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Where do all the wild things go?

By Jo Myers, Mat Vanderklift and Richard Pillans

April 3, 2017

turtle at the water's edge
A satellite-tagged female green turtle enters the water from a nesting beach. Image: Mat Vanderklift/CSIRO.

Ningaloo Reef in Western Australia is home to a diverse array of iconic marine wildlife, including so-called “charismatic megafauna” such as sea turtles and sharks.

The region’s beaches provide nesting grounds for three species of turtles. The waters beyond the reef host one of the world’s largest-known annual aggregations of whale sharks (Rhincodon typus), which gather off the reef between March and July.

Meanwhile, the region’s shallow bays provide important nursery areas for juvenile reef sharks.

reef shark underwater
For reef sharks, acoustic tags are surgically implanted. Image: Richard Pillans/CSIRO.

The CSIRO-BHP Billiton Ningaloo Outlook marine research partnership has been investigating the movements of turtles, reef sharks and whale sharks since 2015, tagging animals in the renowned Ningaloo World Heritage Area.

The research team has deployed more than 29 satellite tags (17 on green turtles and 12 on whale sharks) and 85 acoustic tags (40 on green turtles; 16 on whale sharks; and 29 implanted into 5 species of reef sharks).

Deploying the tags

The satellite and acoustic tags record and transmit where the animals are, allowing researchers to determine how far they travel, what habitats are most important, and how long animals are resident in certain areas. The new knowledge generated will not only improve our understanding of these species, but will help inform ways that we can look after them.

instrument in coral underwater
An acoustic receiver at Ningaloo, recording signals from tagged turtles, sharks and fish. Image: Richard Pillans/CSIRO.

The movement of animals with acoustic tags is recorded via the Ningaloo Reef Ecosystem Tracking Array (NRETA), which forms part of the Integrated Marine Observing System Animal Tracking Facility (IMOS ATF). The tracking array has been operating since 2007 and has over 114 receivers deployed between Tantabiddi and Point Maud. These receivers record the movement of more than 500 fish, sharks, rays and turtles tagged by CSIRO since 2007.

The most recent download of 92 receivers operated by CSIRO between Tantabiddi and Turquoise Bay was completed in November 2016 with more than 5.5 million detections from 850 individual tags!

Satellite tags placed on animal’s transit a signal that is detected by satellite and allows information on the location of the turtle or whale shark to be collected in almost near-real time.

Collecting, analysing and reporting this vast amount of data provides critical information for the future management of Ningaloo, helping ensure that this unique environment and the amazing animals that live there are conserved through changing environmental, social and economic pressures.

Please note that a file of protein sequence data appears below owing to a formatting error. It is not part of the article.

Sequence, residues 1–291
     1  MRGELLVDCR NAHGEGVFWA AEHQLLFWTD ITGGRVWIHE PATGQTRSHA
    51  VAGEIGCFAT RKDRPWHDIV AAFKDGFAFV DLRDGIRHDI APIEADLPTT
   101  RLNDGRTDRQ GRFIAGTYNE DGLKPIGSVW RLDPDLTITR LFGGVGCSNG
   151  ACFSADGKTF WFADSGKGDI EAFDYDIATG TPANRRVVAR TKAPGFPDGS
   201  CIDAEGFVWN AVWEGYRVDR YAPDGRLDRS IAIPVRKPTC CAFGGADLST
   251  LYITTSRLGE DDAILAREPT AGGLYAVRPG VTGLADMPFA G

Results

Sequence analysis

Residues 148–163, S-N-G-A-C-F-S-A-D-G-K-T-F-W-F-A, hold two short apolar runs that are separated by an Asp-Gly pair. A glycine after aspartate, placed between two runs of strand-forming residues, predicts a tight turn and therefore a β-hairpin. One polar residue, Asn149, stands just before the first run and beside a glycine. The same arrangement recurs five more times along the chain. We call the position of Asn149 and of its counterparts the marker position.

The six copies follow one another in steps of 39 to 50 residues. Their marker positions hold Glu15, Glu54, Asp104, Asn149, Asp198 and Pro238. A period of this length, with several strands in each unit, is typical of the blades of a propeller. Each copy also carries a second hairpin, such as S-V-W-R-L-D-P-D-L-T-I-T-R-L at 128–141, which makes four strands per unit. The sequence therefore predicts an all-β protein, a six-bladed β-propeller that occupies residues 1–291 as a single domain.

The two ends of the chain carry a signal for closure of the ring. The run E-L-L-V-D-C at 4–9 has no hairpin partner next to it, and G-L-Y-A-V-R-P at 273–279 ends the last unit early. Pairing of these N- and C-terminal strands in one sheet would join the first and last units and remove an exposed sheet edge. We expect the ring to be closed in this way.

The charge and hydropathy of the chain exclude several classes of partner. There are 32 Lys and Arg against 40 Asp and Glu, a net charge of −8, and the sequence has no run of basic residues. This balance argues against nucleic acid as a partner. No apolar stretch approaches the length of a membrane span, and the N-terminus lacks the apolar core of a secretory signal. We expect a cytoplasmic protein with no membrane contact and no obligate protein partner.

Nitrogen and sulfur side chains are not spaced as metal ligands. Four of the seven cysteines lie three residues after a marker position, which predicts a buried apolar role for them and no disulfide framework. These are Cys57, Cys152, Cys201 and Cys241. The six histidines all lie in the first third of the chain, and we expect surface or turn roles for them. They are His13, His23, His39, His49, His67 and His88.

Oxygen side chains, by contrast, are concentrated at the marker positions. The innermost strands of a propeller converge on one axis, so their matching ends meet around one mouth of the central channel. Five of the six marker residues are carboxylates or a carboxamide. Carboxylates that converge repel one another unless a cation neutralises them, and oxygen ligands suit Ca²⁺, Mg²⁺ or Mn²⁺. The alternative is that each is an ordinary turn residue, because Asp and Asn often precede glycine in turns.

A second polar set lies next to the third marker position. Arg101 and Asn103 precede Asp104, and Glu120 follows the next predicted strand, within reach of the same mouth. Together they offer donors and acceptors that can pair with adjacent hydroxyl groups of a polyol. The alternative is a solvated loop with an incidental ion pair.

Engaging the community

people carrying a giant turtle from shallow water
Volunteers from the Cape Conservation Group were on hand to help researchers tag green turtles. Image: Marg Bertling Photography.

As part of the research, members of local community groups are involved, which increases their understanding of how and why research is done, and provides a way for scientists to empower the community to engage in meaningful actions. The deployment of satellite tags on green turtles at Ningaloo is undertaken with the help of Cape Conservation Group volunteers and has resulted in the collection of more than 5,000 individual location detections so far. Anybody with an internet connection can follow the turtles in near-real time through the publicly-available website seaturtle.org/tracking.

What are we finding?

We’re learning that the movement of animals depends greatly on when and where they were tagged. For example, Magelica, an adult female green turtle (Chelonia mydas) tagged in May 2015 (outside nesting season) was followed for 416 days, and was last recorded only 5 km from where she was released. In contrast, Milly, also an adult female, but who was tagged on a beach during nesting season moved more than 2000 km in 223 days, and was last recorded 100 km away, near Thevenard Island.

Who needs to know?

A deep science-based understanding of the ecosystem, such as the population dynamics of mega-fauna, is invaluable input into decisions made by management agencies. For example, by knowing which habitats and places are particularly important, managers can make decisions aimed to ensure that only activities compatible with the habitats, and the animals that use them, can occur.

Want to know more? Visit www.csiro.au/ningaloo for more information about the Ningaloo Outlook project.


Dr Mat Vanderklift leads the Ningaloo Outlook project and turtle tagging.

Dr Richard Pillans leads the whale and reef shark tagging and tracking work as part of the project.

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